World’s Largest Drug Companies Not Doing Enough To Improve Access To Medicines In Poor Nations, Index Shows

Financial Times: Big pharma failing to do enough for poor countries
“Some of the world’s biggest drug companies are failing to do enough to provide medicines to poor countries, and the industry as a whole has made almost no progress in making treatments more affordable, the latest Access to Medicine Index has revealed…” (Viña, 11/13).

Forbes: New Pharma Rankings On Global Access To Medicine
“…[The] non-profit research group, based in the Netherlands, is funded by the Bill & Melinda Gates Foundation, the U.K. Department for International Development, … the Dutch Ministry of Foreign Affairs, and several NGOs; they accept no funding from pharmaceutical companies. They report these findings as an index or report card, ranking companies on these parameters: management of access to their medicine, market influence, and compliance, research and development, pricing, manufacturing and distribution, patents and licensing, capacity building, and product donation…” (Stone, 11/13).

The Guardian: GSK tops list of drug firms improving global access to medicine
“GlaxoSmithKline has come [out on] top of a league table that monitors the availability of medicine in developing countries, with fellow U.K. drugmaker AstraZeneca making it into the top 10. … Overall, drugmakers have 850 products on the market for the 51 worst diseases in low- and middle-income countries. They are developing another 420. But only five percent of products are covered by pricing strategies that were deemed affordable for different population groups within countries…” (Kollewe, 11/14).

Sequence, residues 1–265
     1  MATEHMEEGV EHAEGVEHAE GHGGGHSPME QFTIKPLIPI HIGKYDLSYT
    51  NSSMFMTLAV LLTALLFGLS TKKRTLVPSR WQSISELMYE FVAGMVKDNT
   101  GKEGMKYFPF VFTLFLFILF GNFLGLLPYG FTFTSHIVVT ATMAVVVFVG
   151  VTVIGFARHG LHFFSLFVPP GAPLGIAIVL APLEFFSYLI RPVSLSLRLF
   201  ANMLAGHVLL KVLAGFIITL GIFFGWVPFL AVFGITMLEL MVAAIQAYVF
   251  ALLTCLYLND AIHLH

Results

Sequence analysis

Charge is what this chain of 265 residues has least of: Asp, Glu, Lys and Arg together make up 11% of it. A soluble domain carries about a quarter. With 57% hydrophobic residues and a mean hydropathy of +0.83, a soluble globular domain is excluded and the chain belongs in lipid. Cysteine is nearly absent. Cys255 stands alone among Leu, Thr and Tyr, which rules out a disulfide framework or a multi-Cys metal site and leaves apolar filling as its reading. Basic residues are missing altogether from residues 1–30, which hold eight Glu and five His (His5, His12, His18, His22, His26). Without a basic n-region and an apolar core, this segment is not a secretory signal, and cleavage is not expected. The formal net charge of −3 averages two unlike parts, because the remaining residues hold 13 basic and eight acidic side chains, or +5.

New York Times: Which Big Drug Companies Are Helping the Poor? Here’s the List
“…The list was created by Wim Leerveld, a Dutch former pharmaceutical executive, and grew with early support from the Bill & Melinda Gates Foundation and the Dutch and British governments. At first, many drug companies ignored its requests for information. Now, virtually all cooperate. Some have created global health divisions and even compete to do well on the list…” (McNeil, 11/13).

Reuters: Drugmakers improve access for poor, GSK ranked top
“…Jayasree Iyer, executive director of the Amsterdam-based Access to Medicine Foundation, said drugmakers were becoming more sophisticated in addressing the issue but more needed to be done on pricing…” (Hirschler, 11/13).

STAT: Which drug makers do a good job getting poor patients access to their medicines?
“…Over the past four years, the number of companies using equitable pricing strategies increased from 16 in 2012, to 18 in 2014, to 19 in 2016. Ischemic heart disease replaced HIV/AIDS as the disease with the most products with equitable pricing. Gilead Sciences had the highest proportion of products — 50 percent — with equitable pricing strategies that target priority countries…” (Silverman, 11/13).

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